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Archive for the ‘Communications Committee’ Category

The Village recently released audio recordings from the July Village Board meeting.

Four residents made public comments before the board.  The first speaker provided some ideas on how Barrington Hills might better recognize veterans who participate in the upcoming annual Barrington Honor Ride & Run scheduled for August 16th, and we believe his perspectives warrant listening to by clicking here.

The public session business before the board was covered in about an hour.  This is the second month in a row where our trustees have effectively and efficiently addressed many items on their agenda in a timely manner.

Unfortunately, the same cannot be said for the executive session, since we’re told it lasted about two hours.  When the public session was reopened sometime after 9:30 PM, President McLaughlin summarized three actions agreed upon during the closed session, including one matter in particular pertaining to the potential settlement of a suit filed against the Village related to the Commercial Horse Boarding (Anderson/LeCompte) text amendment passed in February of this year.

The Village Board has directed the village attorney, Patrick Bond, to explore settlement options in the case before incurring any unnecessary legal fees in defending the Village in the case.  McLaughlin’s comments on the matter can be heard here.

Before the meeting adjourned, President McLaughlin announced the decision by the Deer Park Village Board to withdraw from BACOG, and his perspective can be heard here.

The complete menu of edited audio recordings, by agenda topic, from the meeting can be accessed here.

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The Village Communications Committee is scheduled to meet this evening at 6:00 PM at Village Hall in the training room.  A copy of their ePacket agenda can be viewed here.

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The Finance Committee will be holding a special meeting tomorrow, October 23, beginning at 3:30 PM at Village Hall. A link to the ePacket agenda, including proposed 2015 budgets by department, can be accessed here.

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In his WTTW documentary “Northwest of Chicago,” Geoffrey Baer quoted a local source who declared Barrington Hills, Barrington and South Barrington to be “North shore communities without the shore.”  This may have been true when the show first aired, but this is far from accurate today.

Read any recent real estate report on the average time on the market for homes in our area and you’ll find our Village bests all others for the wrong reasons.  Barrington Hills homes consistently have the longest time on the market and lead at the lowest sale price compared to the original asking price.  Home and lot values have plunged to prices not seen in over a decade.

It doesn’t take a WTTW documentary to conclude that recent political unrest and unnecessary drama are making us the pariah of the Chicago suburbs, which clearly is not helping, and probably is hurting, property values.

This includes the false recent drama over bike lanes; the real and potentially character changing debate over commercial horse boarding; and the embarrassing fiasco over the exterior lighting ordinance in our recent history.  Outsiders can reasonably question whether they want to have any part of this madness.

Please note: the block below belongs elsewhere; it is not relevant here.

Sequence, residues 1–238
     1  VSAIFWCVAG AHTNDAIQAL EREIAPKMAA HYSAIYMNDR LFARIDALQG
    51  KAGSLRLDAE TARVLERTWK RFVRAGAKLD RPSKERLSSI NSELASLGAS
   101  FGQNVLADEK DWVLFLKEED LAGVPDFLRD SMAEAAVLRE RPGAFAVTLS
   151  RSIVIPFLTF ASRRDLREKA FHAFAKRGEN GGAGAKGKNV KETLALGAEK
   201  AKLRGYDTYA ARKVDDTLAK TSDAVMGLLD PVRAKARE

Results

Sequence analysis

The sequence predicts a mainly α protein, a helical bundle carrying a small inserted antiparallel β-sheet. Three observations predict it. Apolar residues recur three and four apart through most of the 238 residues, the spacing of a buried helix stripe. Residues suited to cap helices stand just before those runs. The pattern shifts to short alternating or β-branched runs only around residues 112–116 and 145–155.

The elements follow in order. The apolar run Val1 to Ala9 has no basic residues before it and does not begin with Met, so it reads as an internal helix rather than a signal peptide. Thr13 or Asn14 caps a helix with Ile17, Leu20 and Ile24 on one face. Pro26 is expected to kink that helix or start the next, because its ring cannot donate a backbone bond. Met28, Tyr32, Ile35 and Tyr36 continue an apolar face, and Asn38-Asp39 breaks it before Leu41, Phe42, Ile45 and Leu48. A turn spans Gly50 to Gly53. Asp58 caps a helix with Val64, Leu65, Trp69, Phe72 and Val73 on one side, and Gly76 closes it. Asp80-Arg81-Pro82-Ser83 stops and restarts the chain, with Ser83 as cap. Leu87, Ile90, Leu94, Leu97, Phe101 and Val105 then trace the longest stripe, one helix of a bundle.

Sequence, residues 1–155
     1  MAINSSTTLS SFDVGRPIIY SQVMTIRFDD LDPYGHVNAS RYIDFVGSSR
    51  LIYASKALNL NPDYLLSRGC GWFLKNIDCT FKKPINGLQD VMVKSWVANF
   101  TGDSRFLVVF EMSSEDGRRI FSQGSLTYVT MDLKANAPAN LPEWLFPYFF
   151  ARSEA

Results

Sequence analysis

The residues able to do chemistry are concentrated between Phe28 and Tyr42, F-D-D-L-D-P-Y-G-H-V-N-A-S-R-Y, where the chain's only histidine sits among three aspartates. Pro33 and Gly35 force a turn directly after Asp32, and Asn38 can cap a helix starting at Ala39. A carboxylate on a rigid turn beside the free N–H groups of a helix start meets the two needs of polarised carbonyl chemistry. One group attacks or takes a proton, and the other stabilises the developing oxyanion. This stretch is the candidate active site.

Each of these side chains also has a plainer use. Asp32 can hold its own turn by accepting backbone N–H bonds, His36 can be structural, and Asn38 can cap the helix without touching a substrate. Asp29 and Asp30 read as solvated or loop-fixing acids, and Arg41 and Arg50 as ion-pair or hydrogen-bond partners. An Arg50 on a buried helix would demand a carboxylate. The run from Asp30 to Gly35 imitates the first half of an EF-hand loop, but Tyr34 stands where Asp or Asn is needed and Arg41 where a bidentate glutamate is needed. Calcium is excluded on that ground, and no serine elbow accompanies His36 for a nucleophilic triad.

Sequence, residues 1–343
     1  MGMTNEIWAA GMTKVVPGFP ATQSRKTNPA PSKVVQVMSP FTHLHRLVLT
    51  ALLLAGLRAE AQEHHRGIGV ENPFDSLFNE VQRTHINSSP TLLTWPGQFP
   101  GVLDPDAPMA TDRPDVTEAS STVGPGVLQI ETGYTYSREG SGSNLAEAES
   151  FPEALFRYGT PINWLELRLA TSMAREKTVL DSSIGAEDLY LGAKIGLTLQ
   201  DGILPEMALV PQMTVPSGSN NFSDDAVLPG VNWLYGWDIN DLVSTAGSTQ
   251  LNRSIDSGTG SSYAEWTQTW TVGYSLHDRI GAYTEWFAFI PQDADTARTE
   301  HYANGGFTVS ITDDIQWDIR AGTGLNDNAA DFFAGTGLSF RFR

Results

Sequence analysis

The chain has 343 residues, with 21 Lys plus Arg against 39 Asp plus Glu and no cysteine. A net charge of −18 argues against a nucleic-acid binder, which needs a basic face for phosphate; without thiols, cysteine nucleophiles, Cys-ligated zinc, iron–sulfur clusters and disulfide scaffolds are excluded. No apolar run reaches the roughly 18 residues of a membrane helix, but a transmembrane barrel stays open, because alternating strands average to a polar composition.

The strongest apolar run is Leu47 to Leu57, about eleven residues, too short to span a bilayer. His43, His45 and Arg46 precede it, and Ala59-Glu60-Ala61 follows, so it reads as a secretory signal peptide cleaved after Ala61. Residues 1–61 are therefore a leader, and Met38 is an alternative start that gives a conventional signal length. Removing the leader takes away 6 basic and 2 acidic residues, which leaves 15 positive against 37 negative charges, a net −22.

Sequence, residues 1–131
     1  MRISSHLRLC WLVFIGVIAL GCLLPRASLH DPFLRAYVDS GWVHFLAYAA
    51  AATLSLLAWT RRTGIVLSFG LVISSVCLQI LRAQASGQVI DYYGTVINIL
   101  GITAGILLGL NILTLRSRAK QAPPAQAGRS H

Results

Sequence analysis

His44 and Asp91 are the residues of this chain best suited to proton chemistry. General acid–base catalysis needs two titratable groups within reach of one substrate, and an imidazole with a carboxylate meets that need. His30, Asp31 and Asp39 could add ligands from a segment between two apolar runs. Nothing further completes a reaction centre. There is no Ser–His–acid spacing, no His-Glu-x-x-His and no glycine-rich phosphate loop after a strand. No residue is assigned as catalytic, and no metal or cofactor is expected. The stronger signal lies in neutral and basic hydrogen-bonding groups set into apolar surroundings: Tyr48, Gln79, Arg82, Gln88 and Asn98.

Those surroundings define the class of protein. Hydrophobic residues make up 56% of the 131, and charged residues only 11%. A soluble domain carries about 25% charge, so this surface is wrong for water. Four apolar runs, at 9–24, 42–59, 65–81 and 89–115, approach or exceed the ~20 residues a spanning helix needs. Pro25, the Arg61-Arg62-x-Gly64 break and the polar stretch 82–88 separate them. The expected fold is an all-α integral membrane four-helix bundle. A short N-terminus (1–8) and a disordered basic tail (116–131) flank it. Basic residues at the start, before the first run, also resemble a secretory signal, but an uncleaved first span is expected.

For example, one vacant five-acre lot in our Village is now going for $119,900.  Another breathtaking estate on Hawthorne Rd has had its price slashed by more than fifty-percent of the original eight-figure asking price.

While the housing market across the country is generally picking up after years of decline, this is not the case in Barrington Hills.  True, there are a number of factors beyond our control, but there is one major factor we can clearly change for the better, and that’s to stop making our Village look arrogant, dysfunctional elitists time and time again.

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Since 2005, some of our elected politicians and residents have made some local issues very public.  Residents do have every right to voice their concerns loudly, but it’s usually a few politicians that make our Village look bad.

First, there was a proposal for sky-high cell towers in our picturesque Village by some on our Village board.  Then, there was the ill-conceived exterior lighting ordinance proposal from a small group of “dark sky” zealots on our board and in the community, which outraged residents enough that the issue was covered in the Wall Street Journal (seeEverything is Diluminated”).

One of this year’s topics of resident concern is bike lanes.  While The Observer shares many resident concerns on this hot-button issue, all of this would have been alleviated back in 2012, if the administration at the time actually communicated with residents about the plan before pursuing it.

Two newspapers recently took  Barrington Hills’ residents to the woodshed in editorials over objections to bikers in our Village.  And even though residents were assured over a month ago that there will be no bike lanes in our Village, the group “Don’t Change Barrington Hills” (apparently assisted  by the former Village President) persists in encouraging their supporters to keep protest signs up along our roadways and continues to disseminate rumor and innuendo on their website.

Do you think that helps our property values?  Do you think that encourages people to seriously consider Barrington Hills as a place to make their home?